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Jennifer Richter says a pair of “obsessions” — chronic illness and motherhood — are at the heart of her new book of poems, “No Acute Distress.”

With two teenagers still at home, it’s likely that she’ll return at some point to that motherhood theme. (“My poems haven’t said this straight out, but what’s behind a lot of them is that you never stop being a mom.”)

But Richter hopes that “No Acute Distress,” published this month, marks the end of her writing about illness and chronic pain.

“I’m pretty happy to say that this is the end of that story,” Richter, a Corvallis poet who teaches in Oregon State University’s master of fine art program, said in a recent interview with The E.

Years ago, about the time that Richter moved to Corvallis from the Bay Area, she came down with what one set of doctors diagnosed as “intractable migraines.” (The phrase “intractable migraines,” which almost hurts just to write, shows up in one of the poems in “No Acute Distress.”)

Richter has a blunter diagnosis: “It was a really severe headache that started one day and didn’t stop for about five or six years.”

The illness shaped many of the poems in her first book, “Threshold,” and in some ways, Richter thought “Threshold” was the end of the story.

“But then I realized there was more I needed to tell and so this book feels to me like the rest of the story. ‘Threshold’ ends on a note of hope, but it’s pretty temporary, not especially confident or solid. And this book feels like it’s really standing confidently in health and happiness.”

“No Acute Distress” draws inspiration from unlikely sources: Some of the poems, such as the opener, draw from the notes doctors and others made on her own medical charts. And Richter has structured the book so that each section begins with a poem modeled in part on a classic joke form: One poem, for example, starts by asking “How many doctors does it take to screw in a light bulb?”

Those poems have flashes of dark humor — in fact, much of “No Acute Distress” is leavened with generous servings of humor — but Richter’s darker days and frustration with traditional Western medicine also come through. “Many days felt like a really thin line between comedy and tragedy,” she said. The poems also walk that line.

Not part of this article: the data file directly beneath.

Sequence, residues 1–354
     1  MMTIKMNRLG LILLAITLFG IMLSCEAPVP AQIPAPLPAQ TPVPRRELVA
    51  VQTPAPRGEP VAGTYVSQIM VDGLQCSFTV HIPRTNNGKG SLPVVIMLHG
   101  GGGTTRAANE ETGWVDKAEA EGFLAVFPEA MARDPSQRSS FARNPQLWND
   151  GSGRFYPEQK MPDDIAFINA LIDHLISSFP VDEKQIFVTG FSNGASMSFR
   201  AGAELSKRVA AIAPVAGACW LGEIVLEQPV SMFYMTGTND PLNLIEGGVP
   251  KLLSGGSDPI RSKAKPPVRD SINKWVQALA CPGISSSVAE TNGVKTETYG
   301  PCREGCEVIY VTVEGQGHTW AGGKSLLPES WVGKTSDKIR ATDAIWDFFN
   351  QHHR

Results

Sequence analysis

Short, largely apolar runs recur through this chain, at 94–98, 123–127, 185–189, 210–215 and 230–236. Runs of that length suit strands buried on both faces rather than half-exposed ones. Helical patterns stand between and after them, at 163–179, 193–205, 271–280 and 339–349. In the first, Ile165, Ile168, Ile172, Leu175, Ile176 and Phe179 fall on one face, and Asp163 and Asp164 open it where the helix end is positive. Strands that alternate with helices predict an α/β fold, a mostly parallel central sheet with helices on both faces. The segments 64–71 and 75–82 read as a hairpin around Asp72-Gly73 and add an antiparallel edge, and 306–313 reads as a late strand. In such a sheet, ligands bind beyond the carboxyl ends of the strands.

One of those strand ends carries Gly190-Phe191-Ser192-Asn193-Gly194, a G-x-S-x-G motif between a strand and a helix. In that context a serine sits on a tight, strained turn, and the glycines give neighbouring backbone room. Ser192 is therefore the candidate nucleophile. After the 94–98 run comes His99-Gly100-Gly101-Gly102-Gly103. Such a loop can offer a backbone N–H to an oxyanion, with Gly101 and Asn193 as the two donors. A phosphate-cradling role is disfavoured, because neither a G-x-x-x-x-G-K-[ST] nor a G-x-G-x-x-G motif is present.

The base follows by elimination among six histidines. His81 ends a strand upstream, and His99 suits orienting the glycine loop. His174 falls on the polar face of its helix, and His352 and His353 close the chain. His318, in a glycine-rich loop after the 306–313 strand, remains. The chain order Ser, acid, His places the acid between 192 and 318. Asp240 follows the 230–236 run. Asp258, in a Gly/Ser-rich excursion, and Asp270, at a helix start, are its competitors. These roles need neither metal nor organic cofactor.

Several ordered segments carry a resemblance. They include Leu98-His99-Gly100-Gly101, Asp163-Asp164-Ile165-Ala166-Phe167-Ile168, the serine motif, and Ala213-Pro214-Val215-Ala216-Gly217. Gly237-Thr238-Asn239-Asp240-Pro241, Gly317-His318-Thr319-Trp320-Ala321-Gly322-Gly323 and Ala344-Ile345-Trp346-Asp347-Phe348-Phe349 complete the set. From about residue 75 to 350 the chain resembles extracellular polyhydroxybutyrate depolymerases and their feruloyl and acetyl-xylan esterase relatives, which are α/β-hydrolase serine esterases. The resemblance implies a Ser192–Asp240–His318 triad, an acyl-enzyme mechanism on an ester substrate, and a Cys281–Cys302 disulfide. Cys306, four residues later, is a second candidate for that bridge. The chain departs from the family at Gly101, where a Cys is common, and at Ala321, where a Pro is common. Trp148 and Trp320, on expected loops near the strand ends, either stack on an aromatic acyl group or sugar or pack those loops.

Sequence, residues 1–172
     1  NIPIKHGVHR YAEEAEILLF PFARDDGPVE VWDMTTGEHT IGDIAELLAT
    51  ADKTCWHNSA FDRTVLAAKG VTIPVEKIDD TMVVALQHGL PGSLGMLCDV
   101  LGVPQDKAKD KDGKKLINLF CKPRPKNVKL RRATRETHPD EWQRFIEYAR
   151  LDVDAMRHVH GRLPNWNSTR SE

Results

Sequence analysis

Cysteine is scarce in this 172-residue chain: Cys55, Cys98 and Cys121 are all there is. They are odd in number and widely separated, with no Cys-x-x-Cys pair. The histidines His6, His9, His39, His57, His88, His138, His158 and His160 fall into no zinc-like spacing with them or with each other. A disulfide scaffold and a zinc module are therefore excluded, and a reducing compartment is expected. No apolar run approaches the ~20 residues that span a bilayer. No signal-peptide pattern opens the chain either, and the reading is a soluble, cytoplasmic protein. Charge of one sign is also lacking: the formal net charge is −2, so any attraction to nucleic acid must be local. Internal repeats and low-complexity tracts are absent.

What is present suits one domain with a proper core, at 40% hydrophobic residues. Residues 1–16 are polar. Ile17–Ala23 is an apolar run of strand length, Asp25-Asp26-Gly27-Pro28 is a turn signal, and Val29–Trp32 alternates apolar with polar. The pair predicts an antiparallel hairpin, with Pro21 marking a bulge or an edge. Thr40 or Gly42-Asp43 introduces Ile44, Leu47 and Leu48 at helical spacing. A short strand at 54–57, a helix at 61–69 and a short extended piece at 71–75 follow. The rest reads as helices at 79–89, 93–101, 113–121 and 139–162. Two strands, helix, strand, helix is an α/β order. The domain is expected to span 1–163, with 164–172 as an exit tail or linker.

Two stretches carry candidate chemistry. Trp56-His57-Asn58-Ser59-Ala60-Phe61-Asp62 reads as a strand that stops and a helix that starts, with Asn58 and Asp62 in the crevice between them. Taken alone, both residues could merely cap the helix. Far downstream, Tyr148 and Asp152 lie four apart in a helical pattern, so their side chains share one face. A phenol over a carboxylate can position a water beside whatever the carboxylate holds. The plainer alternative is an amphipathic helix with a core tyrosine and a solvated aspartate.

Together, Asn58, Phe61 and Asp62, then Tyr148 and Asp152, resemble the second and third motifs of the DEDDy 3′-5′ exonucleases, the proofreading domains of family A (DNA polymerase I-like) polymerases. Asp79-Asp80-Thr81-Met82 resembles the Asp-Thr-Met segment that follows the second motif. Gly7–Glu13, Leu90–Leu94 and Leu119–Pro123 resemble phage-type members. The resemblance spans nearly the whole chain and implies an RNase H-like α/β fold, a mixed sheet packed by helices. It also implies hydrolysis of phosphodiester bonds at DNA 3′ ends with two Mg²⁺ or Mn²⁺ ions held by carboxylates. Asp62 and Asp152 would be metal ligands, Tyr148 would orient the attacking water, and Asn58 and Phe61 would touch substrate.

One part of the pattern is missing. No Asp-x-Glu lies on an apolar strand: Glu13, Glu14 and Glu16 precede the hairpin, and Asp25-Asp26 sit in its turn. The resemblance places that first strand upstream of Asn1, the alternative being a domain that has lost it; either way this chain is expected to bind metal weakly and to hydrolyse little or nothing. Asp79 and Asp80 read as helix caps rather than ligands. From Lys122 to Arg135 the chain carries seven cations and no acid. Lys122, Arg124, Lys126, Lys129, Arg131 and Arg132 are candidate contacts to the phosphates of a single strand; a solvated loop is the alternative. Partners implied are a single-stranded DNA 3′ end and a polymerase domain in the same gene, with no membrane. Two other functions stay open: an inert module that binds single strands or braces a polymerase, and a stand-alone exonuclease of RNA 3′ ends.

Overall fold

“What happened with me is that the doctors just kept throwing drugs at me, piling them on,” she said. (One part of the long poem “Eighteen Seconds,” in some ways the centerpiece of the book, lists many of the drugs in a brutal kiss-off.) She had some success with nontraditional treatments — one of the poems, “Imagine,” outlines some of that work and pays tribute to a healer with vivid imagery.

“One of the tricky things” with her condition, Richter said, “was what happens when (the pain) is invisible? If somebody’s walking around with a broken leg on crutches, it’s pretty clear this person needs help. But a lot of chronic pain is really invisible. I had to learn how to ask for help. I had to navigate the world.”

The pain had no triggering event, Richter said, and, after years, eventually faded. Richter is moving on, and some of the other poems in “No Acute Distress” tackle other topics — that business of motherhood, for example.

Other poems are inspired by Richter’s work with some of the girls at Albany’s Oak Creek Youth Correctional Facility: “That work feels to me incredibly essential and rewarding and I’m sure I do feel sort of motherly toward them. … I ask them to write poems, and there’s no dancing around, they write exactly what they’re thinking and what’s upsetting them and what happened. You learn pretty fast.”

And Richter can’t help but compare the lives of those girls with the life of her 15-year-old daughter: The Oak Creek girls, she said, at times are “very incredibly innocent and very young-seeming and they have their teddy bears and they write their names with hearts. … And then I realize, compared to what my 15-year-old knows, the lives they’ve led, they know too much about the world.”

Richter, 46, is at work on new poems, but she’s not a quick writer: “I revise a lot. I’ll try to knock out a first draft, basically something to work with, and then I just go back. I don’t work on more than one poem at a time.”

She is pleased to be moving onto different topics: “I’m sure I’ll continue to write about my family,” she said, but the illness poems in “No Acute Distress” are meant to be “the last word on that. Which feels really good. It feels good to be done living it, certainly, and it feels good to be done writing it.”

Or, as Richter puts it in the final few lines of the book’s last poem, “No Joke”:

“At times I thought I might not make it back. Even the quality of light is new, I’ve come so far.”

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